Address: 15 Vanderbilt Are., at 41st St.
This aged redbrick pub (it opened in 1868) is warmed by the glow of potbellied stoves on each of its three floors. The original mahogany bar and hand-pressed tin ceilings and walls give the tavern a 19th-century feel. The waiters insist it's haunted.
Address: 62611th Ave., at 46th St.
A big, hairless ape greets patrons at the door of this '90s creation, though neither it nor the jungle murals bring out much barbarism in the mannered banker-types who shoot back scotch here.
Address: . 60 E. 54th St., between Park and Madison Aves.
Upper East Side
The name refers to the decor, not necessarily to the clientele: old pipes, bike wheels, and golf clubs line the walls and ceilings.
Address: 147 11st Ave., between 76th and 77th Sts.
There's a modest dress code (no baseball hats, no sneakers) at this Upper East Side lounge with high ceilings and can delight, so the neighborhood crowd is a little better in appearance, and behavior, than usual.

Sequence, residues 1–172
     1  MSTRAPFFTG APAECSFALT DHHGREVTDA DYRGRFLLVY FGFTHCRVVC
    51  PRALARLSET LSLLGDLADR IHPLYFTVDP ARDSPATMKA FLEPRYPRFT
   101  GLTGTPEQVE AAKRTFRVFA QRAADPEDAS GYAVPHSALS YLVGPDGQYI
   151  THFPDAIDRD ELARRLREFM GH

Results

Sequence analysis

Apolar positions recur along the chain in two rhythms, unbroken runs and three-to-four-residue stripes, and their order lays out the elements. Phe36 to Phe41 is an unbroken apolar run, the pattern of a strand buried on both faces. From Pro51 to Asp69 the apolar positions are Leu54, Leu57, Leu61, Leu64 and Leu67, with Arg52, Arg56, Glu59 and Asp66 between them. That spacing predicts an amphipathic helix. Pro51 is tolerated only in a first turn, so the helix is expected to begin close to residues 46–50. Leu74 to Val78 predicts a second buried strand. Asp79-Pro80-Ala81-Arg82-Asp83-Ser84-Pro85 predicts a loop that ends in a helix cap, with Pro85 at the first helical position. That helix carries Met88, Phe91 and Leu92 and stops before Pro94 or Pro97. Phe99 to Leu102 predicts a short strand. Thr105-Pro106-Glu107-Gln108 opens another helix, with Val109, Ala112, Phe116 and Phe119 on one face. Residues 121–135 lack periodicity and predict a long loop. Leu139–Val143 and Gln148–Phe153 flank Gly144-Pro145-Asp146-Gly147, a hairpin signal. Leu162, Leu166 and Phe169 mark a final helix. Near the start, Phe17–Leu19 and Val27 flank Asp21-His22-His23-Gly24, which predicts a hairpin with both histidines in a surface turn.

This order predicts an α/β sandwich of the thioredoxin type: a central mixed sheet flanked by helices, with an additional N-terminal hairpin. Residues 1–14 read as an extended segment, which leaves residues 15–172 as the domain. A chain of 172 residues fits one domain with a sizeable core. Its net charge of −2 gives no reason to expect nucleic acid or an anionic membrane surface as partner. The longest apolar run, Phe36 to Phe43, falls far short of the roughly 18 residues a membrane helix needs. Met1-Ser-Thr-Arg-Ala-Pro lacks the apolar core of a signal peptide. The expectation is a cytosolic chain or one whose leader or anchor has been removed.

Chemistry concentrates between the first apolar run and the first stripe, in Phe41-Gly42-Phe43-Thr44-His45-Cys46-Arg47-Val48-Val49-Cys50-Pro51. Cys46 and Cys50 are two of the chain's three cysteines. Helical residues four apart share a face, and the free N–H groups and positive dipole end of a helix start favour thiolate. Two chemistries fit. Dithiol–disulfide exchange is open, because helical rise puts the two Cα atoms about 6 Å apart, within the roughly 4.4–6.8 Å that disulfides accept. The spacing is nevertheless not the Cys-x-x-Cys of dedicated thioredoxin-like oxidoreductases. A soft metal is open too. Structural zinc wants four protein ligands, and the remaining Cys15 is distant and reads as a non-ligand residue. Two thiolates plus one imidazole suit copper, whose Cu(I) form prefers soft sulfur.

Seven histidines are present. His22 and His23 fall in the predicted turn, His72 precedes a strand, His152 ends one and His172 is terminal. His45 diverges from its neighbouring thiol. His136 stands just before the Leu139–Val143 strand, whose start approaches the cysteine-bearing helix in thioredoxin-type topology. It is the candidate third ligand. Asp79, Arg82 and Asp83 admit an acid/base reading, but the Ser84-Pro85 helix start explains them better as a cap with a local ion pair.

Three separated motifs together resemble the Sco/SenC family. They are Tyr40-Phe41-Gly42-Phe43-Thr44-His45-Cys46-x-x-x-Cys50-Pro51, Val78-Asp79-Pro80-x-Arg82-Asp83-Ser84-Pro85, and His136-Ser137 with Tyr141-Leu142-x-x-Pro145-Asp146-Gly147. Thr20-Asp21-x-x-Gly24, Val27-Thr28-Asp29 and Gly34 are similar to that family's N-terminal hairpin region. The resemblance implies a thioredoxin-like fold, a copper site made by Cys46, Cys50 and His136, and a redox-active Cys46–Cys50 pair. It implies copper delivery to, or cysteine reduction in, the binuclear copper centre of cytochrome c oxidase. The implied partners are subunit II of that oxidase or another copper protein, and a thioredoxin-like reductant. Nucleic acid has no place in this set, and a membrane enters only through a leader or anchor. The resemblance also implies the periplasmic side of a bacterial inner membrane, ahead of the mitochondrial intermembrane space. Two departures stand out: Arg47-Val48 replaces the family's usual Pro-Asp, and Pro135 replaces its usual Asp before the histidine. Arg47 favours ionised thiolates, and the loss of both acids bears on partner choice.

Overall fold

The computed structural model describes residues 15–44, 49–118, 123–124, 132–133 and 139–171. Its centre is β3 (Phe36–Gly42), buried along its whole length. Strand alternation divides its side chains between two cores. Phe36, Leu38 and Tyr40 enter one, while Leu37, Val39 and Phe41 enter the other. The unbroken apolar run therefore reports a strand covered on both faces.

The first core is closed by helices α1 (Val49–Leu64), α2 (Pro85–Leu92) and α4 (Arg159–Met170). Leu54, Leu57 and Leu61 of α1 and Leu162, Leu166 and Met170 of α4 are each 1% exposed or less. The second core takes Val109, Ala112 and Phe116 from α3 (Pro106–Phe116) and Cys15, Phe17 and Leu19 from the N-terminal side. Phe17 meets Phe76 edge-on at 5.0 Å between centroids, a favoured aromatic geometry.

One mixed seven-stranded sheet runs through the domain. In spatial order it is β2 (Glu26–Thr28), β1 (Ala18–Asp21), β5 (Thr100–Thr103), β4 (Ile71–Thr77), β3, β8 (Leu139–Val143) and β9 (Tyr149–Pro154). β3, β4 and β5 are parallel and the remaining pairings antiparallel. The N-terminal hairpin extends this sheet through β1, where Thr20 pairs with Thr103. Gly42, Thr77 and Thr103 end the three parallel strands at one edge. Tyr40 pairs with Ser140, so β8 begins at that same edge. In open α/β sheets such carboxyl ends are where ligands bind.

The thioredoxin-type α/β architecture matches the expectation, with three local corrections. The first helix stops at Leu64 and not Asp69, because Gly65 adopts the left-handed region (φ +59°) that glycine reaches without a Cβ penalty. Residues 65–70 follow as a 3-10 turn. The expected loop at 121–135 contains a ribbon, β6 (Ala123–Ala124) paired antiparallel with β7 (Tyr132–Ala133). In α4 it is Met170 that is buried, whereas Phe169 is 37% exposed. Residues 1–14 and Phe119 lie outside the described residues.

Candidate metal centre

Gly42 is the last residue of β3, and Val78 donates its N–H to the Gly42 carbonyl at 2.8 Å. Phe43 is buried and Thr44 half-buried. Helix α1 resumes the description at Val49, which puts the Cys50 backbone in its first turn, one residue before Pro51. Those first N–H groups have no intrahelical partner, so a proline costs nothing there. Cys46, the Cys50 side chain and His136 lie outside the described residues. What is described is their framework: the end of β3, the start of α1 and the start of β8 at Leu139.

Address: 300 E. 89th St., between 1st and 2nd Aves.
Dakota Southwestern Bar & Grill
A mix of yuppies fresh out of college and neighborhood lifers congregate around the 52-ft, 4-inch bay, one of the longest in Manhattan.
Address: 1576 3rd Ave., between 88th and 89th Sts.
Upper West Side
Cafe des Artistes
George Lang's restaurant, as well known for its glorious Art Nouveau murals as for its food, has a small, warm bar where interesting strangers tell their life stories and the house drink is pear champagne. It is one of the city's special hideaways.
Address: 1 W. 67th St., near Central Park W
This highly regarded Northern Italian restaurant has a cool, modern interior, a 3 5-ft curved mahogany bar, and a stupendous selection of grappas. Smoking is not permitted.
Address: 11 W, 60th St., between Broadway and Columbus Ave.
Big with the neighborhood's bon vivants, this is a good stop for cocktails.
Address: 477 Amsterdam Ave., at 83rd St.